Wednesday, July 21, 2010

NUS wastes opportunity to defend students in Browne Review submission

By Sam Browse, Sheffield University

Last month, the NUS President, Aaron Porter, was invited to present students’ case to the Browne Review of higher education funding – alongside representatives from universities, government, business and others including the Universities and Colleges Union (UCU).

This was a key opportunity for the student movement to influence the debate over whether or not the financial burden on university students should be lowered or increased. At a time when Vice Chancellors and big business are aggressively lobbying for higher fees of £7,000, it was crucial that the NUS President clearly articulated a strong defence of students to those responsible for recommending changes to the higher education funding system. Sadly, this opportunity was completely wasted. You can watch Aaron Porter’s presentation online here.

The submission of NUS to the funding review – the Funding our Future blueprint – calls for a graduate tax. Far from being the ‘holistic vision’ Porter claims the NUS blueprint to be, it argues that the HE funding gap should be bridged by one source – students. Notably, the NUS leadership boasts of the increased student contribution their graduate tax would entail (Funding our Future blueprint, p.4). The NUS wants students to pay more, not less, for their education.

This was reflected in Porter’s verbal evidence to the review panel. When the NUS President was asked ‘what should students expect if the cost of education to the student rises’ instead of stridently defending students from an increase in fees, he emphasized universities providing a better ‘deal’ for students through skills and employability training and greater course choices.

In a recent Observer article, Porter said ‘there are some that think we should stick to the principled position of free education. But if vice-chancellors expect us to stand on the outside waving placards they are sorely mistaken’. This argument bares little relation to reality given the fact that the UCU - an organization representing university and college lecturers across the country - supports the abolition of all tuition fees.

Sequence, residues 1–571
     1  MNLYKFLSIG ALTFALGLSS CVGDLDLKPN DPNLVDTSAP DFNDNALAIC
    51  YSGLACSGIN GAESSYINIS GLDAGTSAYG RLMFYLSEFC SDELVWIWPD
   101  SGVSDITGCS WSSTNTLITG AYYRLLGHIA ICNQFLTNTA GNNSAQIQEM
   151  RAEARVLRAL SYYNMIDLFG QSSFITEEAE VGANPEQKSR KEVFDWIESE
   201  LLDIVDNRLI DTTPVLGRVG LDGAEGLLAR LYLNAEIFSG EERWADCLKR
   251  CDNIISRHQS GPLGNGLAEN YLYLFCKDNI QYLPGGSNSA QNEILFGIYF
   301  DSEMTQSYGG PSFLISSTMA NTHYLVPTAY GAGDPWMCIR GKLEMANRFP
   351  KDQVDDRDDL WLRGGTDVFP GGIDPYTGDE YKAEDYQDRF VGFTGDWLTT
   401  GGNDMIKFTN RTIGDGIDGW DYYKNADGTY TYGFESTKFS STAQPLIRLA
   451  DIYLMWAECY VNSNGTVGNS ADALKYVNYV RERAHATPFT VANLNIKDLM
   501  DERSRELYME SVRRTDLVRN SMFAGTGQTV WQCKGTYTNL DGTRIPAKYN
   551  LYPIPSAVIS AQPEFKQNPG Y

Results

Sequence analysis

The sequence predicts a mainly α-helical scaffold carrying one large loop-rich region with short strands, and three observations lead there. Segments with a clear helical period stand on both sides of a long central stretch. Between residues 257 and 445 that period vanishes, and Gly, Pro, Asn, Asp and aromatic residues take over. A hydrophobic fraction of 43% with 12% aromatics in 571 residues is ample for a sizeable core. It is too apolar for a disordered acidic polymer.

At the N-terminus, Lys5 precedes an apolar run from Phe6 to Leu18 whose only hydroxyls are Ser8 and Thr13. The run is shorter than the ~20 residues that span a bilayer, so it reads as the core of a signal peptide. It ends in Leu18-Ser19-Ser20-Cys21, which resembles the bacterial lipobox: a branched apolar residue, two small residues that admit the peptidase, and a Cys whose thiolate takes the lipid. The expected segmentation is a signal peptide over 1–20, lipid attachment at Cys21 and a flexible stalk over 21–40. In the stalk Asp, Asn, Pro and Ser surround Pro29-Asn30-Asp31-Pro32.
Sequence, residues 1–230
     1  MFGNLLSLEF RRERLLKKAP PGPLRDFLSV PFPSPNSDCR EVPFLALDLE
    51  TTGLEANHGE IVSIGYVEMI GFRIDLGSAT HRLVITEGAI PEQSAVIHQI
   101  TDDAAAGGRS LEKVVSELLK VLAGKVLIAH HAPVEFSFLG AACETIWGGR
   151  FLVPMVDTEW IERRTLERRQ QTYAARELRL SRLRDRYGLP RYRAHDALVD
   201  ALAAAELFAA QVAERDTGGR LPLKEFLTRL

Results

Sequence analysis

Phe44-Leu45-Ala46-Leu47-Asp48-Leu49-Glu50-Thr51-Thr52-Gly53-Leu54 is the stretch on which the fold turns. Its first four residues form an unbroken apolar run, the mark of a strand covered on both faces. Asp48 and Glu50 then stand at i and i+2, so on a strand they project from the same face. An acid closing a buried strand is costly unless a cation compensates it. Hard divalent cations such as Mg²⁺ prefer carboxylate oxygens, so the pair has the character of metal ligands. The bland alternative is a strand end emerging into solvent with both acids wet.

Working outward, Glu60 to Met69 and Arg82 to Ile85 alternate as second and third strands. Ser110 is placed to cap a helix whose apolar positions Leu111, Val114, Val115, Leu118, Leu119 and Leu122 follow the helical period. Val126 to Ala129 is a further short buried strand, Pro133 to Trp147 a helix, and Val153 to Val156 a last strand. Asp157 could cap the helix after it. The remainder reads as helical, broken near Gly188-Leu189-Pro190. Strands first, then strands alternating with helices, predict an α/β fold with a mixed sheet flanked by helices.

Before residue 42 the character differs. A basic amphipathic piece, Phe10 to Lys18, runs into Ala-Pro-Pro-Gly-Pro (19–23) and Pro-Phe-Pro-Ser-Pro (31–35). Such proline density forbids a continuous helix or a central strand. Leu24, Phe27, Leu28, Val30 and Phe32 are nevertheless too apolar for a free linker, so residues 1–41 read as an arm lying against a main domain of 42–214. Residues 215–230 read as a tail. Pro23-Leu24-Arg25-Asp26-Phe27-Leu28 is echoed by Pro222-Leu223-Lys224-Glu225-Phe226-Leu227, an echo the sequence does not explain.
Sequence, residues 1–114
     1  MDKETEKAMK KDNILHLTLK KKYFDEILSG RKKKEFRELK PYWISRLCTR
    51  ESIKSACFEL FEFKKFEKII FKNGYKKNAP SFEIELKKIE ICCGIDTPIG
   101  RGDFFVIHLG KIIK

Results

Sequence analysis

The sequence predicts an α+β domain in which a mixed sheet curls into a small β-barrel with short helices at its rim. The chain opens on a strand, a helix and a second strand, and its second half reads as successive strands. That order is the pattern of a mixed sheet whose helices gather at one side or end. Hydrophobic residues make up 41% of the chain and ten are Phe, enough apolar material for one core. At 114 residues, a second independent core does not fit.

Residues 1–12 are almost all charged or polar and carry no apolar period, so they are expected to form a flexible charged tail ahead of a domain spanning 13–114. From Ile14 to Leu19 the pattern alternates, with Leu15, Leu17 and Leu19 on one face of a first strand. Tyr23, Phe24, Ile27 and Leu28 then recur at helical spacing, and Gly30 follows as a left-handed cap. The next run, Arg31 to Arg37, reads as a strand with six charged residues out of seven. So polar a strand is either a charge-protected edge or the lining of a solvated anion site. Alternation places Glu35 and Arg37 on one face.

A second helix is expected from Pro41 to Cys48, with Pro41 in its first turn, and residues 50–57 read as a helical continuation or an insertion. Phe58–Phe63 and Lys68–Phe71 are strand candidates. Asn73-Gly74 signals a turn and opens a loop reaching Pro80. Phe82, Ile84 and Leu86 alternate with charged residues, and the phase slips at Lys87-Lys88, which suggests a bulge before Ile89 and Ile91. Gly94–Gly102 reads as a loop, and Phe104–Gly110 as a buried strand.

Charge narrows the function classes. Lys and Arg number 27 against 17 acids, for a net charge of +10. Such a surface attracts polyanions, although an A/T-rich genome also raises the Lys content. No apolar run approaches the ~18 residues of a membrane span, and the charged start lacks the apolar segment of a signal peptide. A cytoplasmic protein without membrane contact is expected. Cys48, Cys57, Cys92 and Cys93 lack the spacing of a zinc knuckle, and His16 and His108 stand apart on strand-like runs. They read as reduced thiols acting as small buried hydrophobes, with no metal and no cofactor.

The position of NUS is put into stark relief when compared to that of the UCU, outlined by the general secretary, Sally Hunt, as part of the same review process. Hunt rightly points out that the UK spends 10% less than the global average of its GDP on its HE sector. She said: ‘UK employers spend just 1.3% of total labour costs on education and training – 24% less than the EU average of 1.6%’. Comparatively, she argues, British business has ‘a good deal’.

Hunt argues that one of the main barriers to delivering a quality HE system is under funding. The immediate question is how to bridge the funding gap. Contrary to Porter, who says that ‘[NUS] don’t necessarily believe the structure of the funding system should be a driver to quality’, she suggests that the tuition fee system is ‘highly inefficient’ as well as ‘socially inequitable and politically unpopular’.

Instead, the UCU propose raising the main rate of corporation tax from 28p, to the G7 average of 32.87p. Conversely, NUS propose increasing the levy on students. The difference is quite remarkable given NUS’s aim to protect the interests of its membership.

The corporate sector’s comparatively small contribution to the cost of higher education suggests that NUS’s proposal to increase the cost to students is hardly ‘fair and proportionate’, as is claimed in the evidence to the review. We need a strong, principled alliance inside and outside NUS to provide an alternative to the leadership’s regressive funding blueprint. Contrary to NUS’s current position, we should join the UCU in explicitly calling for increased public investment in a free higher education system.

Tuesday, July 20, 2010

Universities need investment not cuts

Universities need investment not cuts. Raising student charges - through higher fees or a graduate tax - will neither solve the university funding crisis nor widen the access to higher education the wider economy needs.